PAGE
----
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Is test data management a better career choice than test automation?

Specializing in test data management or test automation may not be the career for you.

What's a better area of specialization, automation or test data management assumes that developing a specialty...

is better than being a testing generalist. Although developing a test specialty may provide a quick and more lucrative entry point into the testing profession, a solid background in the basics of testing, planning and execution is a critically important to building a career in testing.

I think it is important for all testers to have a good understanding of the automation process, including reasons for and against automation in various situations, what tools are available and how they are used. Furthermore, automation experience is highly valued in Agile and continuous development shops. However, the learning curve to becoming a true automation expert, the array of tools in which to develop expertise very wide and the level of competition for quality assurance engineering positions is intense. Although automation knowledge should be part of every tester's toolkit, if a tester truly wants to become a specialist, selecting a niche might be a better option.

So, what "niche" might a tester want to pursue? It's important to choose a niche that is needed in lots of different industries in order to maximize job opportunities. However, it's also important to assess your skills and interests and chose an area of specialization that works for both.

The World Quality Report 2014-15 cited big data, business analytics and business intelligence in several of the sectors surveyed in the sector analysis. This suggests some great job opportunities, but a tester in this area will need to be a SQL expert and must enjoy white box testing. Another option might be mobile device testing. The proliferation of mobile devices makes this testing critical in virtually all industries, and there are options to become a specialist in testing applications on mobile devices or on testing the devices themselves. If you enjoy being a creative tester, these options may be particularly appealing.

In summary, whether you choose to become a specialist and what type of specialization you choose should be decided based on your personal interests and what skill sets you are interested in developing, as well as the range of job opportunities within the specialization.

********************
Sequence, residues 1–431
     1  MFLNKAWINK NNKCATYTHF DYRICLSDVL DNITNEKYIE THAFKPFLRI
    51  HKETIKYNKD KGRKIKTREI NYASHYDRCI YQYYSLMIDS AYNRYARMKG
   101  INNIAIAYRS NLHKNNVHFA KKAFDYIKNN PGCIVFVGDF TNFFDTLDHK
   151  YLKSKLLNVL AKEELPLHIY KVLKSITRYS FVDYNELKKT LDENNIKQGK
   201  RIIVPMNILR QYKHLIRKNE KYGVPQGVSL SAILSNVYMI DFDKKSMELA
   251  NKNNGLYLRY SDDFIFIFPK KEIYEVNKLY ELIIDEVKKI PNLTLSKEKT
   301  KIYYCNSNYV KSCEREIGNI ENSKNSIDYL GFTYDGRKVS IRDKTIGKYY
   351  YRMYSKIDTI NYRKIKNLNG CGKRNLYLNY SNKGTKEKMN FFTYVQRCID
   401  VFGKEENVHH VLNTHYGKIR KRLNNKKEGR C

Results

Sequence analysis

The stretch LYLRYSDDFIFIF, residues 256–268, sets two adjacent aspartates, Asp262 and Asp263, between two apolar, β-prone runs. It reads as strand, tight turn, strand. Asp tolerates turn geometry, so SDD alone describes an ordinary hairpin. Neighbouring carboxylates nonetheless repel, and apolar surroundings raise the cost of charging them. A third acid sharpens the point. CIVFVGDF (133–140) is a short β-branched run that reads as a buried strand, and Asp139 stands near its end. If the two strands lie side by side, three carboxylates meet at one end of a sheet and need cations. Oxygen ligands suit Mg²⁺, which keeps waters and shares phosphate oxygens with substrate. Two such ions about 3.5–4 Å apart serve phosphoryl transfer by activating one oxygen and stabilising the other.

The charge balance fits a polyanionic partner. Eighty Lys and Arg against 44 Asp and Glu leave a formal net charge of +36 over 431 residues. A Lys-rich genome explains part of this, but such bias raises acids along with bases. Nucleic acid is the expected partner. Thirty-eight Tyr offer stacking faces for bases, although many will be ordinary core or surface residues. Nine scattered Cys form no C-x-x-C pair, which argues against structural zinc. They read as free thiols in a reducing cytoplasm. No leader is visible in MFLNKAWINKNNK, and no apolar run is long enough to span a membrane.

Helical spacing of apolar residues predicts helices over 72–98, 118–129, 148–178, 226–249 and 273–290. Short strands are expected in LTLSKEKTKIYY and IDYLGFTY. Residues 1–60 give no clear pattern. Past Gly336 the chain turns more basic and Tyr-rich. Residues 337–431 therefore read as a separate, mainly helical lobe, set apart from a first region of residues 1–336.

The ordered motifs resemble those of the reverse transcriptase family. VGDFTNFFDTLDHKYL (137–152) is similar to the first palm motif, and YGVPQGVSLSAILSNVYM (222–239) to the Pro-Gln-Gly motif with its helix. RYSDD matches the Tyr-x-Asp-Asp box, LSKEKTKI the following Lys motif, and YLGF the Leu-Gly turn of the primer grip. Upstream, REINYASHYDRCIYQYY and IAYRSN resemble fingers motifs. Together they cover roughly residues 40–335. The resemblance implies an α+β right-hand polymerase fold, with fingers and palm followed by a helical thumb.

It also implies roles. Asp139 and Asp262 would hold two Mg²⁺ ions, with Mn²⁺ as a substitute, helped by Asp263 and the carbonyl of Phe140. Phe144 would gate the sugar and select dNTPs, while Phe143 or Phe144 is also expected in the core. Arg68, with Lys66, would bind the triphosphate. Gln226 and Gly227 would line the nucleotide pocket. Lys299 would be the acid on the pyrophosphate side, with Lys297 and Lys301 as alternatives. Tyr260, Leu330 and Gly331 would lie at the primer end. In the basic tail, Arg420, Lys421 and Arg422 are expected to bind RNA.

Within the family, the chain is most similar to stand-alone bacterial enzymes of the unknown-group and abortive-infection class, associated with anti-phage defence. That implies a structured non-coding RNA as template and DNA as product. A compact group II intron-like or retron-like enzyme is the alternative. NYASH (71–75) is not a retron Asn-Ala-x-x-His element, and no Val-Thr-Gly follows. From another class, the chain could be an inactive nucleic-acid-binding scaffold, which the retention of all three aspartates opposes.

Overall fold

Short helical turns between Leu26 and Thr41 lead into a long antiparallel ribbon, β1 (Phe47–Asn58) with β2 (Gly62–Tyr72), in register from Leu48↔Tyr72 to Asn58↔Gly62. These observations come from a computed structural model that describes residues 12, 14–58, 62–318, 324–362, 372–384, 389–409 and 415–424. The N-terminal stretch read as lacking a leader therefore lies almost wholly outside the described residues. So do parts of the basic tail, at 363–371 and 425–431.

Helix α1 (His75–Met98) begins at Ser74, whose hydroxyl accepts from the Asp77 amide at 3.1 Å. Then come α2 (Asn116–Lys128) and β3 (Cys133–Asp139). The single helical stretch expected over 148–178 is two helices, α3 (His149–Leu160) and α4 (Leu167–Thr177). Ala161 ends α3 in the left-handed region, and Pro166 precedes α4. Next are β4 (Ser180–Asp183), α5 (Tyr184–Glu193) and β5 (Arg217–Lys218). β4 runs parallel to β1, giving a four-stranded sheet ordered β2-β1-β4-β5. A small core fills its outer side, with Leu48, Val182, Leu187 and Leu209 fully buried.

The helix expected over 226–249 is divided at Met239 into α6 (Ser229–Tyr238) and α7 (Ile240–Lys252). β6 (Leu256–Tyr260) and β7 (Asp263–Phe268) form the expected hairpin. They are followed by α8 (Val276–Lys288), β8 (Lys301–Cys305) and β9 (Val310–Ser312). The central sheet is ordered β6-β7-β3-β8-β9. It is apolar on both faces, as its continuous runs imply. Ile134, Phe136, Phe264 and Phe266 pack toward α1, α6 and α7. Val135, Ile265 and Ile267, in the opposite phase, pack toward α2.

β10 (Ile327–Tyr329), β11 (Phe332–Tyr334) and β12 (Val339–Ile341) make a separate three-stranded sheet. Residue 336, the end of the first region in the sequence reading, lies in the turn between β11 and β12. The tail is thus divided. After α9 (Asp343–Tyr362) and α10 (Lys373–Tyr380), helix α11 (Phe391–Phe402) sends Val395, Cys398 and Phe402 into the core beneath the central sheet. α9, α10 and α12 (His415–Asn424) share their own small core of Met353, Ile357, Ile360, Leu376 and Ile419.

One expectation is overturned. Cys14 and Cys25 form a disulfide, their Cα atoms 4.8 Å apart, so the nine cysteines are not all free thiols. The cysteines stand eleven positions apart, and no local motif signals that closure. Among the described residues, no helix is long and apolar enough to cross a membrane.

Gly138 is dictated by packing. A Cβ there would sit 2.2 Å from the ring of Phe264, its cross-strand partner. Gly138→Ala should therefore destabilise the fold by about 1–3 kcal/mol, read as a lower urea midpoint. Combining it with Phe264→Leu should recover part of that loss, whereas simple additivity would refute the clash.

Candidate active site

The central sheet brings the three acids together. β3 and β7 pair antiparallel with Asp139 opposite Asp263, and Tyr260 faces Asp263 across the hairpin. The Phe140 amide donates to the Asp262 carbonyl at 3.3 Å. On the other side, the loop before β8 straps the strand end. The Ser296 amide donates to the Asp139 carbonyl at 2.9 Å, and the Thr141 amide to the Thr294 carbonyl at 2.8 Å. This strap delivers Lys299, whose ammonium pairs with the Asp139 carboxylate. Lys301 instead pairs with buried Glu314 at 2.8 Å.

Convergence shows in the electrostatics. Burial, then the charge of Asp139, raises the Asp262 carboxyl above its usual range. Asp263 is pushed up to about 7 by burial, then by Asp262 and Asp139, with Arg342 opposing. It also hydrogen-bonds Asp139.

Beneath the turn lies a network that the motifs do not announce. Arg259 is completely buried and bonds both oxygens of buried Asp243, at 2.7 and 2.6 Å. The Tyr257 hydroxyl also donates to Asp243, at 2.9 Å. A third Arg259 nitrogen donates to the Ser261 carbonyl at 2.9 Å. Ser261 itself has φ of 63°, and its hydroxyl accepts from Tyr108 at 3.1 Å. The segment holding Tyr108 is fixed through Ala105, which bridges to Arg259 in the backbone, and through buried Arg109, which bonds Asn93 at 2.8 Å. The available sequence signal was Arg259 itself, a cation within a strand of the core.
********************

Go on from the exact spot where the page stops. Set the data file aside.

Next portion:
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This was last published in March 2015

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Which do you think is better: test automation or test data management?
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Test automation sounds great, but when the human element is removed, there are too many risks associated. Test data management protocols are much more well-rounded.
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I have to agree with @carol482. Test automation is a great tool that can help in the overall test effort, but you’re always going to need a set of eye on the system under test. Test data management, however, can make use of simple oracles to ensure that the test data is managed quickly and efficiently, without human intervention.
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Because I prefer to keep things a hard-ware centric as possible, I like test data management better than test automation options.
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They generally make use of the same skill sets, and the same person is typically called on to do both.
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I think that it can depend on the area that you live in. There is not a huge software dev industry where I'm at, so becoming too specialized might mean that you have difficulty finding demand for your specialty, unless you are open to relocating.
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